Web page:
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1 hour ago  IGN reports that more than 327 thousand EVE Online players have completed a number of quests in the third phase of Project Discovery corresponding to more than 330 years of scientific research. That's a significant improvement over the already impressive November 2020 result, when virtual pilots saved professionals 36 years of work.

  • Eve Online is a persistent, player driven MMO developed by CCP games. The game was released on May 6, 2003 and has received 18 free expansions since launch. The game is set in a science fiction space universe called “New Eden”, which consists of around 7,500 solar systems most of which are connected by star gates.
  • Eve online memories. Good times, lots of histroy.

The EVE Online community has accomplished some impressive feats since the game released all the way back in 2003. From setting multiple world records for online battles to hosting events for sick members of the community, EVE Online's player base is constantly managing to create unique and interesting scenarios within the massive multiplayer space role-playing game.

However, one of the coolest things the community has had a hand in doing is helping real-life scientists with COVID-19 research by playing the game. Recently, EVE Online's player base managed to collect and perform over 330 years of COVID-19 research thanks to the game's Project Discovery initiative.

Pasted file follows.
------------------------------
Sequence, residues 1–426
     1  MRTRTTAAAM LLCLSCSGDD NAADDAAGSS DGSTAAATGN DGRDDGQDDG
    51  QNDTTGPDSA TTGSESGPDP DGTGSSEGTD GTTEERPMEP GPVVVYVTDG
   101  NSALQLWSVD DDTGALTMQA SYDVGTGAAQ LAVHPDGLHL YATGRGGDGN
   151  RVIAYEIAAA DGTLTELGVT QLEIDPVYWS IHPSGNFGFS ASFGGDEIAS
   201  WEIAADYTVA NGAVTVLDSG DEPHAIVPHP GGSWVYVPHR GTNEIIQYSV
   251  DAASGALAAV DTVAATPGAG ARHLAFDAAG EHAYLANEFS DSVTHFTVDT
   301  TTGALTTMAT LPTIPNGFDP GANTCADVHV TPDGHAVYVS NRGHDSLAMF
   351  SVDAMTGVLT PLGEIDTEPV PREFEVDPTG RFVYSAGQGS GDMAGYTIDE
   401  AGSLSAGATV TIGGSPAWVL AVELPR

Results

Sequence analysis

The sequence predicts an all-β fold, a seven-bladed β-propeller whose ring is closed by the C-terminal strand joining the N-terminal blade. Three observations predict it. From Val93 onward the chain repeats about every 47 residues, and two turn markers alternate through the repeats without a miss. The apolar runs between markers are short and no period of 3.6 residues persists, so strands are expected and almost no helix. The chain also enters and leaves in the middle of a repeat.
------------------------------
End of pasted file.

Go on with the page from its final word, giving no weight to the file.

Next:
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For those who may not be familiar with EVE Online's Project Discovery initiative, it is basically a set of minigames that players can take on that are built around real-life research regarding COVID-19. EVE Online's Project Discovery started last summer, and is easily accessible to any player logging into EVE, even incentivizing players to participate through in-game rewards. Thanks to a report by IGN's Wesley LeBlanc, more accurate numbers have surfaced regarding how many players have participated in Project Discovery. According to the report, '327,000 players have completed 1.37 million analysis tasks in-game, which has saved scientists 330.69 years worth of research...'

It truly is a staggering set of numbers which really puts into perspective just how much the EVE Online community has aided COVID-19 research. In terms of video games communities, developer CCP Games and the EVE Online community have really been at the forefront of COVID-19 research aid. In November of 2020, CCP Games and the EVE Online community helped to raise over $135,500, which was in turn donated to COVID-19 relief efforts. EVE Online's Project Discovery efforts really make one think about how video games can incorporate fun and engaging ways to make real-world differences through playing in the future.

In terms of Project Discovery, the minigame involved essentially boils down to players identifying different types of cell surface proteins, which helps scientist calculate an accurate number of those cell surface proteins. Additionally, because the minigame holds in-game incentives for players to participate, the number of players who have helped this research is massive. Even in November of 2020, over 200,000 players participated in Project Discovery, which has now been going for almost an entire year.